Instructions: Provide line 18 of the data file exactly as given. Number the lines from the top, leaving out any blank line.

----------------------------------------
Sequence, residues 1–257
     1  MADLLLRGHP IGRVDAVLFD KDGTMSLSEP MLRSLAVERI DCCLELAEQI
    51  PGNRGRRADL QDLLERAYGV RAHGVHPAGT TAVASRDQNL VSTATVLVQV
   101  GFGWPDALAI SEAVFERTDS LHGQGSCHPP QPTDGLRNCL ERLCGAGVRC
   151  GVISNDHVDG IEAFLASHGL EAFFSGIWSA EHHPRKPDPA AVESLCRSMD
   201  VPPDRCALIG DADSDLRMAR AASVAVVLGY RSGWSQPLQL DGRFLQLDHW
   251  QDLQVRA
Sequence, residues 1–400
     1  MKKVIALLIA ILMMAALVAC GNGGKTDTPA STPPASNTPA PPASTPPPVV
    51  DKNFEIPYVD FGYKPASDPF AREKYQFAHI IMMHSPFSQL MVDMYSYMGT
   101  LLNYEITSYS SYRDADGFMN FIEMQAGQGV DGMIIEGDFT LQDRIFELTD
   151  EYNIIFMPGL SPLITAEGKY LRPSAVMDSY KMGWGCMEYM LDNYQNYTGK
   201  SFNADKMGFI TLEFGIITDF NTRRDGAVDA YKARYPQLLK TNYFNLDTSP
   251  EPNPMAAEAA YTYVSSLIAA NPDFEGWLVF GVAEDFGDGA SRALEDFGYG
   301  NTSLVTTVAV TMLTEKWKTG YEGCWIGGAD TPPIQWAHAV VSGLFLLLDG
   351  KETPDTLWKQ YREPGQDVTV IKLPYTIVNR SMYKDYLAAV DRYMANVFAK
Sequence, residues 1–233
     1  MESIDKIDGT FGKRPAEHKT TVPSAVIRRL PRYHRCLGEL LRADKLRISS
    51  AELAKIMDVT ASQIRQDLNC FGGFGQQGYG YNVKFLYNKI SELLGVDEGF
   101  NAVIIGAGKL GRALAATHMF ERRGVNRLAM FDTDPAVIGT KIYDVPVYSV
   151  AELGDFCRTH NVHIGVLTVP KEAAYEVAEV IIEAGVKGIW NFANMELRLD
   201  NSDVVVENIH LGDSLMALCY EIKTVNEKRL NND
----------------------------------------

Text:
     1  MESIDKIDGT FGKRPAEHKT TVPSAVIRRL PRYHRCLGEL LRADKLRISS